Starting your estate planning early has several benefits. It ensures that your assets, no matter how modest, are distributed according to your wishes and not left to the default laws of your state. It also allows you to make important decisions about your healthcare and the care of your children, should you become unable to make those decisions yourself. Furthermore, early planning can help avoid unnecessary taxes and legal complications for your heirs.

Key Components of Estate Planning in Your 30s and 40s

Wills and Trusts: A will is essential for anyone, regardless of age or wealth. It dictates how your assets will be distributed and can designate guardians for minor children. Trusts, on the other hand, offer more control over how and when your assets are distributed and can provide tax benefits and protection from creditors.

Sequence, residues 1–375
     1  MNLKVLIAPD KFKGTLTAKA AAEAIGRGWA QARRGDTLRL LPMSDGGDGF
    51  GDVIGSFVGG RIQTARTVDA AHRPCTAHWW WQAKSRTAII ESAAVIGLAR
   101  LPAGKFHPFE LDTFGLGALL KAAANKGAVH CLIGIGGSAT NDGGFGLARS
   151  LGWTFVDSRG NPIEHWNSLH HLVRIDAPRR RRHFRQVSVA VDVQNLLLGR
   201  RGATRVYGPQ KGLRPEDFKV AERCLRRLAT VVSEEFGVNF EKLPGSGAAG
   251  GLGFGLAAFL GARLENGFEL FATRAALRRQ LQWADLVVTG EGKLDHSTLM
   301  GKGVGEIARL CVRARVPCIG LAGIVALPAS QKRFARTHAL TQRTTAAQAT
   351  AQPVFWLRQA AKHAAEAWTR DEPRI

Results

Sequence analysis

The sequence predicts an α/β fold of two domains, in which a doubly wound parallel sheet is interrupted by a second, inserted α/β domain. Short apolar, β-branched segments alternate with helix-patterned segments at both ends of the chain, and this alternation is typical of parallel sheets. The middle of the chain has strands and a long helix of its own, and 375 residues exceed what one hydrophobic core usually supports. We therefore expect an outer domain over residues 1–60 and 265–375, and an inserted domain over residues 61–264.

Life Insurance and Retirement Accounts: These are often the first forms of estate planning young adults encounter. Life insurance can provide financial security for your dependents, while retirement accounts like 401(k)s and IRAs are crucial for your future financial stability. Both require beneficiary designations, which should be kept up-to-date.

Healthcare Directives: Also known as living wills, healthcare directives specify your wishes for medical care if you become unable to communicate them yourself. Alongside these, a healthcare proxy or durable power of attorney for healthcare can appoint someone to make medical decisions on your behalf.

Power of Attorney for Finances: This document appoints someone to manage your financial affairs if you are unable to do so, ensuring that your bills are paid and your financial life stays on track.

Estate Planning and Family Dynamics

Your 30s and 40s are often a time of growing family responsibilities, which can complicate estate planning. If you're part of a blended family, have children from previous relationships, or have other unique family dynamics, it’s crucial to address these in your estate plan to avoid potential conflicts and ensure that your wishes are honored.